Introduction/Background Previously, we suggested that patients with cervical cancer with tumors ≤2 cm on preoperative magnetic resonance imaging (MRI) are safe candidates for laparoscopic radical hysterectomy (LRH). Here, we aimed to investigate whether LRH deteriorates the prognosis of patients with incidentally identified high-risk factors on pathologic examination.
Methodology We identified patients with 2009 FIGO stage IB1 cervical cancer who underwent Type C LRH or open radical hysterectomy (ORH) at three tertiary hospitals between 2007 and 2018. Those with a tumor ≤2 cm on preoperative MRI who adhered to the practice guidelines for adjuvant treatment were included. Survival outcomes were compared between the LRH and ORH groups. Subgroup analyses were conducted according to presence of lymph node metastasis (LNM) and/or parametrial invasion (PMI).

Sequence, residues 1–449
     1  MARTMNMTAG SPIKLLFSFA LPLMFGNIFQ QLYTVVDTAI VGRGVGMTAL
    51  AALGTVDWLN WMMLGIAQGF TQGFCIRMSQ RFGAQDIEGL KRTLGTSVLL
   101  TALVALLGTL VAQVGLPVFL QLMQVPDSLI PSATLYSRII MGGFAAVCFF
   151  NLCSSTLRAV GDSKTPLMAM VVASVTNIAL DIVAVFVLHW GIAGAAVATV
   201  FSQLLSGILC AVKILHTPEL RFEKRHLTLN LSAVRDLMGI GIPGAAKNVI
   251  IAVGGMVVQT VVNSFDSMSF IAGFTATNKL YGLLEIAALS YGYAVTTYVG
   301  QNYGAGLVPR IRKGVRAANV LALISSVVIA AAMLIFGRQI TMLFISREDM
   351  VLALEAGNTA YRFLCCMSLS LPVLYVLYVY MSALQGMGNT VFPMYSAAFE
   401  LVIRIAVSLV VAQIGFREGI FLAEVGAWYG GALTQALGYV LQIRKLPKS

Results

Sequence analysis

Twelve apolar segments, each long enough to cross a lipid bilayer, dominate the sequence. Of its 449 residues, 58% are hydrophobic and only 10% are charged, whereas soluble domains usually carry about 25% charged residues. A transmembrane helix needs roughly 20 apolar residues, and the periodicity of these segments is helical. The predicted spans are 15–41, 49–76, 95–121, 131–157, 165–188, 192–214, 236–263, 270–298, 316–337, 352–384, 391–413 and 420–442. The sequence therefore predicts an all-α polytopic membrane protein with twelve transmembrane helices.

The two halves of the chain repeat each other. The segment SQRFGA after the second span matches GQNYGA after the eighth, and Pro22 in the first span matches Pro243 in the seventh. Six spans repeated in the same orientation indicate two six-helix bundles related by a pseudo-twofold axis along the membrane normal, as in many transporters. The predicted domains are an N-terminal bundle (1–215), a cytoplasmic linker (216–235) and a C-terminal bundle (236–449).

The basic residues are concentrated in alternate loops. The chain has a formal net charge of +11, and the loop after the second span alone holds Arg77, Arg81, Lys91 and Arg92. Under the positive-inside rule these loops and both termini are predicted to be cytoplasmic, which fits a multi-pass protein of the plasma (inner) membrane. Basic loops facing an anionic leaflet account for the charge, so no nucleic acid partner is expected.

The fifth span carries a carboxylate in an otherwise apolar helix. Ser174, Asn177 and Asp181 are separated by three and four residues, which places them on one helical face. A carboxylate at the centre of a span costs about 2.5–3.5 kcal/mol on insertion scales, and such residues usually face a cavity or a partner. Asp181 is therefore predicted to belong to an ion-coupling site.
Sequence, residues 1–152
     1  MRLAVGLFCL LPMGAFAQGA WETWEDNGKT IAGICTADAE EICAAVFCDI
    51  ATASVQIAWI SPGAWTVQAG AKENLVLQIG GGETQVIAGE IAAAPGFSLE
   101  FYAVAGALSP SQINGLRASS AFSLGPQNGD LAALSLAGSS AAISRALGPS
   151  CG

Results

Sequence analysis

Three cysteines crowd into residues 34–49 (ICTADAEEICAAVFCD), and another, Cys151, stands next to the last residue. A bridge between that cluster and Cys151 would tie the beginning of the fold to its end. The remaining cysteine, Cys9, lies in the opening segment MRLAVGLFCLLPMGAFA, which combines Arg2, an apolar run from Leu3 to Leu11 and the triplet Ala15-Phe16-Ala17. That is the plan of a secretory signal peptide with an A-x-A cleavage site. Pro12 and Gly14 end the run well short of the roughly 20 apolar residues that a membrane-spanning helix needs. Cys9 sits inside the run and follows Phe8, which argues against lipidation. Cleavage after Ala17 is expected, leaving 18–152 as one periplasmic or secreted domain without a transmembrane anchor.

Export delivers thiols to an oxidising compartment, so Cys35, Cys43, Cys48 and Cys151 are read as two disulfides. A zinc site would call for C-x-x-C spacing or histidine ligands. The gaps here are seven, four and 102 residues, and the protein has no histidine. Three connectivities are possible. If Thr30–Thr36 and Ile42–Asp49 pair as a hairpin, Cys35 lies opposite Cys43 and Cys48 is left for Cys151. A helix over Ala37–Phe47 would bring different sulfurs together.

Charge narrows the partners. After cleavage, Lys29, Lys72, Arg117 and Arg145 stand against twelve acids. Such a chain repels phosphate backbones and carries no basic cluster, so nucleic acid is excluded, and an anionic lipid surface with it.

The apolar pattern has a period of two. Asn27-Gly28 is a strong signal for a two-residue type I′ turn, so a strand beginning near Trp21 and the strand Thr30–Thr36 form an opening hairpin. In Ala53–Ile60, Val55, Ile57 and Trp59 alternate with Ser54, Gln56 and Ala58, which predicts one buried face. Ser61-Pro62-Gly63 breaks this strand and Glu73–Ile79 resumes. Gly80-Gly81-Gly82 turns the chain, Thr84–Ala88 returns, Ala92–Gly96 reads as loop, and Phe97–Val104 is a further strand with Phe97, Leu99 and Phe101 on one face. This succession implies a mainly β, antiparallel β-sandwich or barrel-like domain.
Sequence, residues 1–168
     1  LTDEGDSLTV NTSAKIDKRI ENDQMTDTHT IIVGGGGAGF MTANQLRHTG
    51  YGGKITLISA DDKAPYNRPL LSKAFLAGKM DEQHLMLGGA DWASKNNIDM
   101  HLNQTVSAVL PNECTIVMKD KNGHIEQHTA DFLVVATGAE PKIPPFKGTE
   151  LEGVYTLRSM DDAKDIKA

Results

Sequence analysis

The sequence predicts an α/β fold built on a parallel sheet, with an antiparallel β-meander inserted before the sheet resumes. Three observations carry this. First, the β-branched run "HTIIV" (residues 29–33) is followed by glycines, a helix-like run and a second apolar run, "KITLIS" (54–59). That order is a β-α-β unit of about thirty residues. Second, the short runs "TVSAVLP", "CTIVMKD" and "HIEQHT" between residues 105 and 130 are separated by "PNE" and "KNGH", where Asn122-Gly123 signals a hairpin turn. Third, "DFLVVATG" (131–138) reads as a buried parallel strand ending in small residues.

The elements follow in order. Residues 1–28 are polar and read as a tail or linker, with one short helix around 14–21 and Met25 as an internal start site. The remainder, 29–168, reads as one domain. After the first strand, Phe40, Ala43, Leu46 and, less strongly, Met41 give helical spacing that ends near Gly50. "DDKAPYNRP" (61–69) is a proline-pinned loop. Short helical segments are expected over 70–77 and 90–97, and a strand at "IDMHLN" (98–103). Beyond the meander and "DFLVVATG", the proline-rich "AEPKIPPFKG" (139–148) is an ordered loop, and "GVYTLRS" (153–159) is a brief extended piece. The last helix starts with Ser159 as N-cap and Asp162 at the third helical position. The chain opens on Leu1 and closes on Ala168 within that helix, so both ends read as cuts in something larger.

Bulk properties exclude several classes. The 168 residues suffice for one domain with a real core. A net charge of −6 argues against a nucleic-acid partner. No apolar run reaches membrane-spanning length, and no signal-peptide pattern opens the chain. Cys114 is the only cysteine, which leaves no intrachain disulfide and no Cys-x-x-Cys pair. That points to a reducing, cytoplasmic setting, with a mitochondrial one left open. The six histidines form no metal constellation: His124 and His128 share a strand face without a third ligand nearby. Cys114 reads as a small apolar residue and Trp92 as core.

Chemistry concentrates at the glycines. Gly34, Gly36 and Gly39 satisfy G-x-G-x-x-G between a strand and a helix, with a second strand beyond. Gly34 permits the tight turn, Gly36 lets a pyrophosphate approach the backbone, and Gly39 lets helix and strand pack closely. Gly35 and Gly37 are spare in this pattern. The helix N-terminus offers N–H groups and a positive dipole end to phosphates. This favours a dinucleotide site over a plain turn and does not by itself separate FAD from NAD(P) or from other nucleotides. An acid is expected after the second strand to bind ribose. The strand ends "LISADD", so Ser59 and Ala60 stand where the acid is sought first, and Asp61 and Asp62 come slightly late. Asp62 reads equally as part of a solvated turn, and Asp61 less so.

Results In total, 498 patients were included: 299 in the LRH group and 199 in the ORH group. The ORH and LRH groups showed similar 5-year progression-free survival (PFS) (92.9% vs. 91.6%; P=0.615) and 5-year overall survival (OS) rates (96.8% vs. 97.2%; P=0.439). On pathologic examination, 49 (9.8%) and 16 (3.2%) patients had LNM and PMI, respectively, and 10 (2.0%) had both. In the LNM subgroup, 5-year PFS rate was not significantly different between the ORH and LRH groups (91.7% vs. 73.2%; P=0.169). In the PMI subgroup, no difference in PFS was observed between the two groups (P=0.893).
Conclusion LRH might not deteriorate recurrence and mortality rates in CC patients with a tumor size ≤2 cm when adjuvant treatment is appropriately administered, even if pathologic LNM and PMI are incidentally identified.
Disclosures Nothing to disclose
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